Size matters, 36/21 or 40/23 puts more teeth on the chain vs. 32/18 with just about the same final gear ratio. If your frame has room you could also step up to 38 or 40 in the front and use a larger cog in the rear. The bigger combos are less likely to throw due to flex and will generally run smoother all around.

    Also, make sure the chain is in good condition. Try a brand new chain when you install the new bigger ring and cog. Keep a few chains around, measure them often, discard your chains when the show wear and your teeth will last a long time.

    Good luck and let us know what you find.

    Sound advice IMO^

  12. #12
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    Well, you swapped frames and it's still happening, so that doesn't sound like the issue. Beyond that, the KM doesn't have a reputation for being a whippet -- I've heard the term "tank" a lot but haven't heard people griping about excessive frame compliance. Check out Jeff Jones' website, he has a similar video of chainstay flex on his titanium frames, that thing bounces around like a suspension. So I kind of doubt that's the problem.

    Bigger toothy bits will probably help, but 32/18 should be plenty big enough.

    Here's how I would approach it:

    1. Get your chain tension right, it doesn't have to be gorilla tight if your driveline is right.
    2. Check your driveline as in the FAQ. Critical. I don't like the straightedge technique, better to measure I think.
    3. Check your procedure for tensioning the chain. Rotate the cranks a bit while you're tensioning the chain. Use a torque wrench on your slideouts. Critical.
    4. Flip the bike upside down or put it in a stand, rotate the cranks, see how much chain tension varies throughout the cycle. If you read similar threads on this forum, apparently some variance is common. They say chainrings are never perfectly round. So don't let your OCD run away with you. But, if you think it varies too much, troubleshoot it:
    a) Worn chain. Note, doesn't matter what kind of chain you use, lots of people use 9 or 10-speed chain. As much of a cheapskate as I am, even I'll admit that a 10-speed Shimano chain is way nicer than the crappy 8-speed chains I've been using. Lighter and stronger.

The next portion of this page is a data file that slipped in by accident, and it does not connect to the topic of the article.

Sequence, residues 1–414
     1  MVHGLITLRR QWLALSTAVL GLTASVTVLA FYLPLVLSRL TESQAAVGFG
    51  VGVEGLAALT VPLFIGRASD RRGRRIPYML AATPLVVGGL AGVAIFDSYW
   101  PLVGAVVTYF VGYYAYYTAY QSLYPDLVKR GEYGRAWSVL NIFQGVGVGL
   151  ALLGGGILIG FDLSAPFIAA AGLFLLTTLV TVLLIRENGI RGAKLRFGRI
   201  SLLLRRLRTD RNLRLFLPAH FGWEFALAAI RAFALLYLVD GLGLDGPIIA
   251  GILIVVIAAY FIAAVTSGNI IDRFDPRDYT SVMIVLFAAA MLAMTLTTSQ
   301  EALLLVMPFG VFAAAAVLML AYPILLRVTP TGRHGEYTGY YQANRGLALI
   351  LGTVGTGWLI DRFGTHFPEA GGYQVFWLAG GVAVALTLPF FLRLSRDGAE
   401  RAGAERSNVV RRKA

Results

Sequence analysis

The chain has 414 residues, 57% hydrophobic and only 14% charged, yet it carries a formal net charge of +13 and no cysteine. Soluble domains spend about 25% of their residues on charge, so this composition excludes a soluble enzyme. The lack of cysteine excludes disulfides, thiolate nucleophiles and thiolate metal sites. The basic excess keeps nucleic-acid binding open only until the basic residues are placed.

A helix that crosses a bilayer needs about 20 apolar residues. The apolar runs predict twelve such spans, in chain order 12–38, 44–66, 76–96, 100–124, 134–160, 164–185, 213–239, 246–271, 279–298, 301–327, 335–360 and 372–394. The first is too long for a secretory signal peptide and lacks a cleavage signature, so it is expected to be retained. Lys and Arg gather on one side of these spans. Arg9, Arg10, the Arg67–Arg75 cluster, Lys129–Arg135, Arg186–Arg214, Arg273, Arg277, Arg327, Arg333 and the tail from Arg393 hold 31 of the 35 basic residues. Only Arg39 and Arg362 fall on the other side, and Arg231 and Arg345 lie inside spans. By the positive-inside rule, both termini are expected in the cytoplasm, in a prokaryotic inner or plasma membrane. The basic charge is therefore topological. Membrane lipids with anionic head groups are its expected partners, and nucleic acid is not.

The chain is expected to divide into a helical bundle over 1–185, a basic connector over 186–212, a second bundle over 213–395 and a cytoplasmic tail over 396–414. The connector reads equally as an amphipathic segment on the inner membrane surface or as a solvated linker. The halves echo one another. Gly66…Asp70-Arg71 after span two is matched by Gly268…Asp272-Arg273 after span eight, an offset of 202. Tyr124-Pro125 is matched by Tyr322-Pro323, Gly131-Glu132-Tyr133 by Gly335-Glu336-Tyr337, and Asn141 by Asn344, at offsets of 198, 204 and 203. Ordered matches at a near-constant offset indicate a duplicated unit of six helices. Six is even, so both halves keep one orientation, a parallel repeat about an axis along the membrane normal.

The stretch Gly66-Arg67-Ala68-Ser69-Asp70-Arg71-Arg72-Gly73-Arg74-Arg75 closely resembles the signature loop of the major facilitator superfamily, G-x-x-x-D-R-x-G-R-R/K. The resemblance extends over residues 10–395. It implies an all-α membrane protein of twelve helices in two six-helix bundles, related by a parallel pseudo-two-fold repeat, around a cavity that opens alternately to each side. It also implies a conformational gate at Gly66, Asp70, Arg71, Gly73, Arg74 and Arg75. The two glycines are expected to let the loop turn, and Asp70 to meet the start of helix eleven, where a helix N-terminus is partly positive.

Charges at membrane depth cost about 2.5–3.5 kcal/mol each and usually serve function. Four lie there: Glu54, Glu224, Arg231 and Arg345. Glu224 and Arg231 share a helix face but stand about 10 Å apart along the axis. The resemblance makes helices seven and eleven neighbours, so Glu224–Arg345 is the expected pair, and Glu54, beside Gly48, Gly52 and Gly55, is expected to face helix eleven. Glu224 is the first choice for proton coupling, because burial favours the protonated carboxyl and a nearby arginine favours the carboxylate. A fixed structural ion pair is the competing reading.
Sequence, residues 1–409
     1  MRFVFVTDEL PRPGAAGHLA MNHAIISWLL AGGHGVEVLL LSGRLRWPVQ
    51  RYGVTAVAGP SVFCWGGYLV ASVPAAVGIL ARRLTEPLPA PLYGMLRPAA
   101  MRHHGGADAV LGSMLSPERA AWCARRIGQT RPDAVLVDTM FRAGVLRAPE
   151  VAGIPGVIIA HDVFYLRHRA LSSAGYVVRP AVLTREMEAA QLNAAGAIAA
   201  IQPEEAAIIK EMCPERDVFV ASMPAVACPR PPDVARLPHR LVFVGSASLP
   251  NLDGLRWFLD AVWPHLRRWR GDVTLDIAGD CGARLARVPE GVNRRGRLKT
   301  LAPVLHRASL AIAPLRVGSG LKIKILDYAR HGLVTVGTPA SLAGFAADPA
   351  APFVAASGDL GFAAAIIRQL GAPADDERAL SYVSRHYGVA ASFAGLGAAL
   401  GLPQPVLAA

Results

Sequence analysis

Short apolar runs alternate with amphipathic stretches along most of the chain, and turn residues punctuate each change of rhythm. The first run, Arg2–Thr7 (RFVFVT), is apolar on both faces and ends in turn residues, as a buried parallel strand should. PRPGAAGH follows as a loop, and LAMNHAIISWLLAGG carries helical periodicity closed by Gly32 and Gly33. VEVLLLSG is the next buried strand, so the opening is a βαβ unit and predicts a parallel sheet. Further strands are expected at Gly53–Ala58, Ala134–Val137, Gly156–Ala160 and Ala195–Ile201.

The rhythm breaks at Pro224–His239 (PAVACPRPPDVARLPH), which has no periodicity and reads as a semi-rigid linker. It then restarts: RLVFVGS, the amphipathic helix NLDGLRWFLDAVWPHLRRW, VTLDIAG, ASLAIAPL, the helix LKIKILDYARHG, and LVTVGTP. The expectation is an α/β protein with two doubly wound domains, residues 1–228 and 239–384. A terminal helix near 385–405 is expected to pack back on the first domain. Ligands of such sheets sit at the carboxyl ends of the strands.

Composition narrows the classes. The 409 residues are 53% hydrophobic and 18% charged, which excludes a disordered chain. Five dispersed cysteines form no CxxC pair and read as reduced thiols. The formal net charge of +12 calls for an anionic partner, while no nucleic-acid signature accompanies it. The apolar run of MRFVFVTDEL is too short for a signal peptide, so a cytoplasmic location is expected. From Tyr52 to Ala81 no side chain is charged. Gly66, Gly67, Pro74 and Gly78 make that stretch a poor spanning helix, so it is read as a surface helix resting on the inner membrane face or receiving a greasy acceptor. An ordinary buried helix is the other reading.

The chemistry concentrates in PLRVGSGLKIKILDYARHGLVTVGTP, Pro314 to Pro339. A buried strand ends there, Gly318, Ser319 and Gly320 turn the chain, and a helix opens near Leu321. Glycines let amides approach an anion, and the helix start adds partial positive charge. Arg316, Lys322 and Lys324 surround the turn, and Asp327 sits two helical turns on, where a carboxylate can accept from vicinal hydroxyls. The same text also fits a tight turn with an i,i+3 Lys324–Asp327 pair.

b) Worn cr or cog. Consider replacing all three (cog, cr, chain) if any of your toothy things are worn.
    c) Check for play between the cog and hub.
    d) Check for play in the rear axle. If present, rebuild the hub and see if it goes away. If the bearing races are worn you won't be able to fix it with a rebuild. (Next time don't run the chain so doggone tight.)
    e) Look at the cranks
    i) Is the cr round? Not sure how to check this but apparently this can be an issue (see http://forums.mtbr.com/singlespeed/u...ts-680545.html)
    ii) Check/replace bb
    iii) Center cr Singlespeed Bicycle Conversions
    iv) Consider possibility spider is off kilter.



    If you wind up replacing the hub, think about slapping an endless bike cog on there, that sucker is precision machined.

    If you're thinking about replacing the cr, or trying some different sizes, I've seen some awesome deals on Pricepoint. Also, this guy 32T Single Speed Chainring 104 BCD 7075 T6 Race Face Niner Surly Salsa Hope FSA | eBay believe it or not has really nice cr's, very close cr bolt tolerances, very light, price is definitely right. Although dang, that Renthal is bad-ass, isn't it? You don't need a n/w cr although if the rf cr's are on sale, the price is hard to beat, and the colors are pretty. Note a n/w cr rules out half links if you ever think that's an option for you. Don't buy cheap (BMX) cogs, they chew up your freehub body. Don't be sad; if you don't have a box of cr's and cogs lying around, you aren't doing it right.

    If you decide to replace your cranks, face the bb shell and think about a Hollowtech or similar, eg Shimano Deore (great value for the $) or a Raceface (super cheap on ebay but think about getting a Shimano bb). Something with a meaty axle.

    I kind of have to suspect when you transferred components from one bike to the other, you transferred the problem as well. How many miles you got on that drivetrain? Are those 12-year-old components? Might need to be talking to Santa eh

    I bet 5 cents it's your rear hub. Bet ya got some play in the axle from running your chain too tight.
    Last edited by TampaDave; 12-05-2015 at 08:47 AM.

  13. #13
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    I can see when your right leg pushes down, the chainring looks like it moves to the right some. Im speculating something with the bottom bracket and spindle causing it to flex too much. Was this the same set of cranks on your previous bikes as well? If so maybe try a thicker spindle crankset, 24mm and up. Not sure.

  14. #14
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    Thank you all - lots of great reading.

    There is no play in the BB - I'm paranoid about this and have triple checked.

    Looks like I'm investing in a new, bigger, drive chain.

    I'll let you all know how it works out.